By Cassie Kreider
There was a banana in school on Friday September, 13. No, not a real banana; those can be found in the cafeteria. This banana was all flesh and bone under its felt fabric.
At an assembly, it was explained to students that depression doesn’t always stick out like someone in a banana suit does. The person in the banana was a high school student from Cocalico, where the movement called Aevidum, first started.
Ms. Maria Vita, psychology teacher, and Mrs. Kimberly Marsh, a counselor at Penn Manor High School, were approached by the former superintendent of the school, Mr. Don Stewart, about potentially starting a branch of Aevidum at Penn Manor High School.
Vita hopes that starting Aevidum here will “encourage students and faculty to practice behaviors that promote their well-being; no one in this school should feel alone in their struggle or sadness. We recognize that this life can bring trauma and difficulties, and we want a platform where it is acceptable to talk about these heavy ideas (depression, stress, body-image, etc,).
“As a psychology teacher Aevidum appealed to me because there are a growing number of empirical or scientific studies that support positive psychology,” said Vita.
Aevidum, which is a made up word, gets its meaning from its Latin root “vid”, meaning life. According to the Aevidum website, Aevidum in schools means, “a culture of care,” an “I’ve got your back” philosophy that transforms elementary, middle and high schools.
Aevidum was started by English teacher and now Executive Director of Aevidum, Joe Volupas, at Cocalico High School after one of his students, Kyle, took his own life. Kyle’s younger sister, Emily, spoke about her brother’s suicide for the first time here at Penn Manor.
Among the things Volupas called for were musicians, skaters, artists and athletes to help spread the word of Aevidum as far as possible, with songs written about friendship, skateboards with the Aevidum logo on the bottom, posters promoting Aevidum and videos showcasing what Aevidum is all about.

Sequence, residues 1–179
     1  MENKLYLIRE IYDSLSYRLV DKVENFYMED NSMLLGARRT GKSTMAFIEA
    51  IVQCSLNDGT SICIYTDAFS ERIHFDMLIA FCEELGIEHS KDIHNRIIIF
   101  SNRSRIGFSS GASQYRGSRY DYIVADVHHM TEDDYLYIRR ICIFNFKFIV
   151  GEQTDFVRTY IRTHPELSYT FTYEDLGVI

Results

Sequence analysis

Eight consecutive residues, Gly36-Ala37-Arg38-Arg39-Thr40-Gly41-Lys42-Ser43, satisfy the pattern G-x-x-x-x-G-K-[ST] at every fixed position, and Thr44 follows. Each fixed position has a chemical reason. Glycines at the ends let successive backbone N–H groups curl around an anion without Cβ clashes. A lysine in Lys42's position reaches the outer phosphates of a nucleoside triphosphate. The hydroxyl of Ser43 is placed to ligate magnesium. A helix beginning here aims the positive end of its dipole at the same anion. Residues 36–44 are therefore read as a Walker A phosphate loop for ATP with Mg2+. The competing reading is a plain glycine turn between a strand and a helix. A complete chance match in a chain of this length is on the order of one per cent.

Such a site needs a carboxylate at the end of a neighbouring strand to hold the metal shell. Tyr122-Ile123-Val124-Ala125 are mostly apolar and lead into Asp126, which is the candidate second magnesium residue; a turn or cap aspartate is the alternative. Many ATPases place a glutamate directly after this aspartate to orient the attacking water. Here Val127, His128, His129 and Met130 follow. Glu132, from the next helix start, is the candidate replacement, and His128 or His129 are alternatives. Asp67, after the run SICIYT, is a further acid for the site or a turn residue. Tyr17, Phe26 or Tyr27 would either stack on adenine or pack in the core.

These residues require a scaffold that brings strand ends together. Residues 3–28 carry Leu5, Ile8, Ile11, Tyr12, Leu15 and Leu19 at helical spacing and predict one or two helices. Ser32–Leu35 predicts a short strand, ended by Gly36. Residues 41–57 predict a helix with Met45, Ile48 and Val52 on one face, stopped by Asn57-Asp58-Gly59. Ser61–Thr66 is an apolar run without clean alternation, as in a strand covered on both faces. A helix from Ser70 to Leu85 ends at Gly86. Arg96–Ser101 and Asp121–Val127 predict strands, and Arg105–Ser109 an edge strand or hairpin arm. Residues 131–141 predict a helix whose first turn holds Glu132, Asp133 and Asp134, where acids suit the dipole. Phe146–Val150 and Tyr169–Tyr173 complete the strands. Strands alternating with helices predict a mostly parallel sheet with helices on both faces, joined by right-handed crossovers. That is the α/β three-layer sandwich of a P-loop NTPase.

Aevidum is an “empowerment movement that is creating a culture of care where every single person matters.” People need to believe in the voices of youth, said Volupas.
Volupas went on to say that, “suicide is almost 100 percent preventable.” It’s everyone’s job to get their friends to a counselor, a teacher or to someone who can and will do something to help that friend out.
Olivia Bailey, a senior at Penn Manor High School, said she joined Aevidum because, “I have a couple of friends who have gone through really hard times and I loved the whole idea of the club and how it tries to promote a positive atmosphere throughout the entire school.
Because Aevidum hasn’t officially started at the high school yet, a few students have been working to get students to pledge Aevidum, which means pledging to help a student in need.
Bailey said that so far, about a hundred students have signed up. Aevidum will most likely split up between the club days so that certain students come on different days.
For more information, there is an official website for Aevidum, http://aevidum.org/. Vita has also started her own wikispaces page for Penn Manor’s branch of Aevidum, http://pmaevidum.wikispaces.com/.
Aevidum will meet Tuesdays in room 316. More information concerning sign-up and meeting times and places will be available in the cafeteria during club sign ups.